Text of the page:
Higher Capital Costs to Drive Higher Natural Gas Prices

The COVID-19 global pandemic has made 2020 an extremely tumultuous year for the US oil and gas business. Producers are trying multiple approaches to grow value including asset divestitures, consolidation, lowering activity levels, and even moving from oil to natural gas. However, the acceleration of ESG (Environment, Social, and Governance) considerations have kept capital markets from showing much interest in funding oil and gas development.  With less focus on the space, the cost of capital for producers may only go up from here. With rising capital costs, producers may be reliant on technology improvements to maintain current costs of production over time.  In our latest Long Term Natural Gas Outlook, we examined potential natural gas price scenarios and drilling trends based on the impact of changing these variables. In this Energy Market Insight, we will frame why cost of capital and technological advancement for reducing drilling and completion costs are key to the marginal cost of natural gas and therefore long-term gas price forecasts.

The charts below highlight drilling and completion cost trends and well productivity trends from 2013-2020. The US oil and gas industry has shown an impressive track record for productivity enhancements and reducing the cost of producing natural gas. The collapse of Henry Hub prices from 2015-2017, below $3.00/MMBtu, forced natural gas producers to increase efficiencies and innovate to survive. As highlighted in the chart below, the cost per lateral foot for wells in key gas plays has decreased between 25% and 55% since 2013. The majority of cost reductions coincides with the collapse in natural gas prices and increased pressure to exercise capital discipline. Furthermore, E&P companies were also able to make strides in completion design and technology to increase productivity per lateral foot as well. Taken together, the average breakeven prices for these key plays has dropped by 50% and contributed to reducing the marginal cost of gas in the US.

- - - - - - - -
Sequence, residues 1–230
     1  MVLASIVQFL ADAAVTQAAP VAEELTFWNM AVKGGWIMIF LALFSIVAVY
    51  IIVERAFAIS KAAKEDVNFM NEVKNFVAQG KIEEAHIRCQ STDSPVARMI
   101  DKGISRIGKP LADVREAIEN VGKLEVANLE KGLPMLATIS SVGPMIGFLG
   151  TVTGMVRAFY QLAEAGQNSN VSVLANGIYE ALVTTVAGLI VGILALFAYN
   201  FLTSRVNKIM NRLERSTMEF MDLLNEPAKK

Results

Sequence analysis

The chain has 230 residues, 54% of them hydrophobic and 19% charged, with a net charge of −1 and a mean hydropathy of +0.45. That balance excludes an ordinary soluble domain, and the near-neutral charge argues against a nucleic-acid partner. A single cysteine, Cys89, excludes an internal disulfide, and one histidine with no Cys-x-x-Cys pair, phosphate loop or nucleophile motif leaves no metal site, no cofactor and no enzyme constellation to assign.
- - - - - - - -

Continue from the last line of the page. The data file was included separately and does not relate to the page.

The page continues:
In addition to innovation,  the cost of capital is a key variable with the potential to significantly impact long term gas prices. The chart below highlights the impact on sub $2.00/MMBtu inventory if the IRR or hurdle rate is moved from 10% to 20%. While the total number of remaining locations remains the same, the breakeven cost and distribution changes. The result in Appalachia is a 43% reduction in the total number remaining drilling locations below $2.00/MMbtu. In the Haynesville, a higher cost of capital would reduce locations by 64%. All else equal, this indicates higher natural gas prices will be needed to incentivize enough US gas production to meet demand.

As the trends in ESG focused investment continue to accelerate, the impact on oil and gas prices and investment will be meaningful. For detailed analysis on the impacts of technology and cost of capital on natural gas prices over the next decade and beyond, request a sample of BTU Analytics’ latest Long Term Natural Gas Outlook.  This report uses detailed inventory by play and breakeven estimates paired with a deep understanding of US E&Ps to establish the marginal cost of US gas production and prices through 2050.

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Erika Coombs is Manager of Consulting Services at BTU Analytics. She leads the team to deliver customized energy-market analysis and provides BTU Analytics’ customers with critical information for a variety of energy markets including oil, gas, and NGLs from wellhead to downstream markets. She also leads research on upstream analysis, crude oil midstream infrastructure, breakeven economics, and commodity pricing dynamics for several BTU Analytics’ reports. She holds a M.S. in Mineral and Energy Economics from the Colorado School of Mines.

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